“I find the older I get, the more intense my appetite for living and for appreciating life…I only see bored 20-year-olds. I don’t see any bored 60-year-olds. People (of that age) may get crotchety, mean, but it’s because they hold life to a high standard.”
–Merle Streep, 63, interviewed by AARP

THEY’VE BEEN ARGUING about raw milk for years. Is it potentially lethal, as critics claim? Or can it bolster the immune system in a way nothing else does? “People see amazing results when they give this stuff to their kids” Mark McAfee told Mother Jones. “They have ear infections and asthma and allergies, and with raw milk it all goes away”. McAfee is CEO of Organic Pastures, an $8million company operating in California where raw milk is still legal (In 18 other states it is banned). Most raw milk is pasteurized, a heating process that kills e.coli as well as other sometimes-death-dealing pathogens. Fans of the untreated version swear by it, but the Centers for Disease Control and Prevention reports that of the 239 hospitalizations caused by dairy products from 1993 to 2006, more than two hundred involved raw milk or raw-milk cheese.

THERE’S STILL FALLOUT from Dr. Phil’s May television show that promised “a healthy degree of skepticism” about psychic ability, yet presented a panel comprised of four psychics and one skeptic. “With that kind of unskeptical stance from the host, is it any wonder that 84% of your audience claimed belief in psychic ability by the show’s end?” asked Bryan Farha in the Skeptical Inquirer. Lacking controlled, scientific conditions the show seemed to be done “primarily for ratings” she suggested.

THE WILCOCK WEB: There must be scores of people with interesting, insightful political opinions, so why do the networks inflict on us the same boring pundits every Sunday morning?...…. Facebook has become “the worst imaginable advertisement for capitalism” says the Financial Times, commenting on “insiders profiting at the expense of outsiders”…..The “tens of thousands” of new workers that Foxconn apparently needs to complete its order for Apple products, would make quite a difference if Apple chose to spend some of its surplus billions hiring workers in this country instead of China….Gleeful schadenfreude all around about billionaires Ronald Perelman and Larry Gagosian suing each other over the sale of a ridiculous $4m ‘sculpture’ by so-called artist Jeff Koons….Three states—Washington, Colorado and. Oregon—will all vote next month for legalizing marihuana….. Huge, greedy corporations that have muscled their way into the organic market with secretly owned subsidiaries, are spending millions to oppose a law requiring their ingredients be listed….More than one-third of the airline passengers surveyed by a tour company, declared they’d willingly pay extra for child-free flights ….Those letters of the Hollywood Sign, which collectively weigh 225 tons and extend 13 feet underground, will be repainted next year—for the first time since 2005 when it took 300 gallons of paint….. No beef or pork available at the 271 McDonalds in India, but next year, says Bloomberg Businessweek, the chain will add such vegetarian treats as the Pizza McPuff (vegetable and cheese pastry) and the McAloo Tikki burger with a mashed potato patty…. A Texas couple are suing the police for searching their ranch on a phony psychic’s tip that it was the site of a mass grave….Shed Simove’s paperback What Every Man Thinks About Apart from Sex is selling for $8.95. on Amazon.. Its 200 pages are blank. (You can buy a ‘used’ copy for about half-price)……. “In the fight between you and the world, back the world”—Franz Kafka (1883-1924)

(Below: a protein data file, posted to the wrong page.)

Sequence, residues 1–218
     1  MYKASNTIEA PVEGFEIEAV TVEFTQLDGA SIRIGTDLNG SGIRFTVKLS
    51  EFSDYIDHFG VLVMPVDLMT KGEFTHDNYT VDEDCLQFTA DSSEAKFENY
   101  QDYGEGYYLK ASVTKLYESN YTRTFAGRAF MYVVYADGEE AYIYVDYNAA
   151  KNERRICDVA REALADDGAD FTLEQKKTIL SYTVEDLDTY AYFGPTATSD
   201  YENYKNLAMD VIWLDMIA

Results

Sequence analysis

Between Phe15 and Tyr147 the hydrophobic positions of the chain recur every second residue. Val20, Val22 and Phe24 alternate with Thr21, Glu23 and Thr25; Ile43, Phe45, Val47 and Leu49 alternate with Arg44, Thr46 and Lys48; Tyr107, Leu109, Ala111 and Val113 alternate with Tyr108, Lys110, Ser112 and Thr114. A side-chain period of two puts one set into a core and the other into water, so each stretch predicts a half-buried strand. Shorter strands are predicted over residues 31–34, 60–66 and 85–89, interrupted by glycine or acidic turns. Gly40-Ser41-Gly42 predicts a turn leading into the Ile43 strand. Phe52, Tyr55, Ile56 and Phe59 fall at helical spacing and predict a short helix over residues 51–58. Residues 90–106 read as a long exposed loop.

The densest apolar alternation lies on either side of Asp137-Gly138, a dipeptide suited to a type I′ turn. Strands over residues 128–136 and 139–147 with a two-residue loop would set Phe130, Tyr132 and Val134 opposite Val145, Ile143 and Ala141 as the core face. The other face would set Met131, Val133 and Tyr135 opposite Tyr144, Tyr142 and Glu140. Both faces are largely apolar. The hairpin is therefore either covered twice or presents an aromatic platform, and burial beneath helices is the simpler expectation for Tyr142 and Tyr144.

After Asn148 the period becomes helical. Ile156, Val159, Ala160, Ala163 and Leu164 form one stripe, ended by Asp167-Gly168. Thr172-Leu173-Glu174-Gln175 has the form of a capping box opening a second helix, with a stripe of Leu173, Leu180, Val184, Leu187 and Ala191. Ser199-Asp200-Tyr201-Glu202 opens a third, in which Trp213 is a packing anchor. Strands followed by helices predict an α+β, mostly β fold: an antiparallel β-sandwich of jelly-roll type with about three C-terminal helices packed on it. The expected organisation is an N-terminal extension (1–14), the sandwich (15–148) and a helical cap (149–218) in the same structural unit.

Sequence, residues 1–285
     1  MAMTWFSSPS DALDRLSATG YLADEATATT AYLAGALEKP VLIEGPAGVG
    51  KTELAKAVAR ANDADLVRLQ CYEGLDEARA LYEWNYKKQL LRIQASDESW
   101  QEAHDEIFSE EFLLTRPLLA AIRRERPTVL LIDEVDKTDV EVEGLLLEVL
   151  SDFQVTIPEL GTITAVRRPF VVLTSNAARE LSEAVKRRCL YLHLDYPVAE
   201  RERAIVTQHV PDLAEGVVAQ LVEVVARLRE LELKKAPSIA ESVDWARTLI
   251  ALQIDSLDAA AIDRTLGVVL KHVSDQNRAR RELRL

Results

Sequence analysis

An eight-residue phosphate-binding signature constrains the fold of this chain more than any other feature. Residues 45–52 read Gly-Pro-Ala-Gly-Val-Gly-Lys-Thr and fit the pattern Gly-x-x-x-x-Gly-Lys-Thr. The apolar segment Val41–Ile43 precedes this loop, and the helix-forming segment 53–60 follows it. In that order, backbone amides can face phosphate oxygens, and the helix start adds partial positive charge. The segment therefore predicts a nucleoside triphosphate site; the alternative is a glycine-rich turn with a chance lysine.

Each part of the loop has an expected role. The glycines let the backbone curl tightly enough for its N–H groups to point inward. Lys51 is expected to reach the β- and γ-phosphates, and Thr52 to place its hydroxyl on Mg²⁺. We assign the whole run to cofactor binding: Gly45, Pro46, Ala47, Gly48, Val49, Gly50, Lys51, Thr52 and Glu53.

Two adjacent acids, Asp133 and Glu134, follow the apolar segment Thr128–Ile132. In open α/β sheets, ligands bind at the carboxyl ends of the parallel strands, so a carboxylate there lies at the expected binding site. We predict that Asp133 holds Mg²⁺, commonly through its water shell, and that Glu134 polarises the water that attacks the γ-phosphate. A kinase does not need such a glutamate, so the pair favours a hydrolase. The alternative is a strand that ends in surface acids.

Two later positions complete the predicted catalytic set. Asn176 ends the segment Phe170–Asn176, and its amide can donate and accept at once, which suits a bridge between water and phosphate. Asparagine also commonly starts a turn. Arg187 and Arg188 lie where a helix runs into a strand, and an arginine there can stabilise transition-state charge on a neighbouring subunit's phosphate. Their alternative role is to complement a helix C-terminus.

2012: It's the rich against the rest

FORTY YEARS AFTER it was first devised, Michel Choquette’s The Someday Funnies (Abrams) is finally in print and the huge book is an absolute delight. Containing the work of 170 underground cartoonists, as well as the hitherto-unknown graphic work of some major writers it’s a light-hearted Sixties saga which again demonstrates the sometimes-unrecognized skill of this international art form. There is so much good stuff, it posed the problem of what to quote, so the simplest solution seemed to point to reproducing the cover (below) which conveys much of the flavor.

SomeDay Funnies
click on the image for larger image




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A Budget Travel Pioneer on a Time When $5 a Day Was Real (Frugal) Money
nytimes.com: Frugal Traveler

by Seth Kugel
John Wilcock at the New York Times